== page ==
Workers in the agriculture, industries and services sectors witnessed a further drop in wage growth in July as they were shut of income opportunities due to the economic headwinds brought about by the Covid-19 pandemic.
General wages grew 5.82 per cent in July, the lowest in recent months, as economic activities did not pick up as expected to create adequate job and income prospects although the government-announced holiday to contain the spread of the virus ended at the beginning of June.
Workers saw their wages grow 5.90 per cent in June, only one basis point higher than the previous month, according to Bangladesh Bureau of Statistics' Wage Rate Index (WRI), an indicator of trends in aggregate wages.
The WRI tracks the movement of nominal wages of low-paid skilled and unskilled labourers over time in different sectors of the economy, the BBS said. The index is also used to measure changes in real wages.
The agency estimated average monthly wage rate of low-paid skilled and unskilled labourers in 44 occupations -- 11 in agriculture, 22 in industries and 11 in the services sector.
The BBS said workers in the services sector were worst-hit in July followed by industrial and agricultural workers.
The services sector, which accounts for more than half the country's gross domestic product (GDP), represents people working in tens of thousands of retail stores, wholesale businesses, hotels and restaurants, transport, education and a host of other sectors.
In July, wage growth of workers in the services sector declined to 5.52 per cent from 5.78 per cent in June, only depicting that a large part of the economy is yet to return to normal from the havoc caused by the pandemic.
The BBS data also showed that the overall wellbeing of people working in the services sector eroded in July, as inflation, a measure of average changes in the prices of goods and services, was higher than their wage growth.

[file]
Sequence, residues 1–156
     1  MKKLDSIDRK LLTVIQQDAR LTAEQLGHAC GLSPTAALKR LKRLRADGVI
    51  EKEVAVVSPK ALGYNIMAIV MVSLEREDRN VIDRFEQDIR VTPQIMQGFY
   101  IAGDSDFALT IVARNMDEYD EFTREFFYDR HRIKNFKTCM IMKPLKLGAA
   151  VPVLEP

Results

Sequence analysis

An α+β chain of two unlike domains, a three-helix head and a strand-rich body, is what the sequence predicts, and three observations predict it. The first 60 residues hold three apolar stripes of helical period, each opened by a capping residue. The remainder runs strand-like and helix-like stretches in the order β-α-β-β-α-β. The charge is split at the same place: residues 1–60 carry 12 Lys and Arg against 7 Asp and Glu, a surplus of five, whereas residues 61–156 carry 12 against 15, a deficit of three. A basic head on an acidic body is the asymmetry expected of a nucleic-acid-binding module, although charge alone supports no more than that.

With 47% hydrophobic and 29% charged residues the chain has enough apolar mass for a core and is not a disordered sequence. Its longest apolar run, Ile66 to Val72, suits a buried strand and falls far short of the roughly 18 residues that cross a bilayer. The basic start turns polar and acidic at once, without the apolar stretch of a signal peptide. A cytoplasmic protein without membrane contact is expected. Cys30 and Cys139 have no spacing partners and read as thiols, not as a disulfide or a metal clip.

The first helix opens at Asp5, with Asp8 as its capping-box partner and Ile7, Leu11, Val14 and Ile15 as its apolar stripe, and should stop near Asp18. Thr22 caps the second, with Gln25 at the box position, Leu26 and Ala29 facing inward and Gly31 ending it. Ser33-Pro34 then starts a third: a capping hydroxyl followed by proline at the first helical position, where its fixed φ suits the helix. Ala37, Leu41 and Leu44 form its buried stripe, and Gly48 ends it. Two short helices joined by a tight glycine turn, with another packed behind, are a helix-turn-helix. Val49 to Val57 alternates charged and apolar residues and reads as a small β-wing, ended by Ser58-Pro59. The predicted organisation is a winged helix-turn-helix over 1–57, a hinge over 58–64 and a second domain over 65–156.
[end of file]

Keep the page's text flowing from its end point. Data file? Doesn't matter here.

Inflation was 5.53 per cent in July and price spikes hit construction workers and fishermen hard as their wage growth was way below the rate of inflation.
Growth of income of construction workers slowed to 4.12 per cent in July from 4.24 per cent in the previous month as builders and contractors were slowly resuming their activities.
For fishermen, wages grew 4.87 per cent in July, one basis point lower than that in the previous month.
However, income of workers in the manufacturing sector did not drop much compared to the construction workers and fishermen, according to the WRI.
The BBS said wages of manufacturing and farm labourers grew at a slower pace in July than in June but the rate of growth was higher than inflation.
Production workers' wage increased 7.09 per cent in July, down from 7.23 per cent a month ago.
In July, wage growth of farm workers slowed to 6.15 per cent from 6.18 per cent in June, showed BBS data.
The state agency paints the grim picture of wage growth at a time when independent research organisations estimate that the coronavirus-induced crisis pushed a large number of people into poverty.
A recently survey by the Power and Participation Research Centre and BRAC Institute for Governance and Development showed that income of the poor remained 42 per cent below the pre-pandemic levels although the economy reopened in June. And 17 per cent of the poor households were still out of work in June, it said.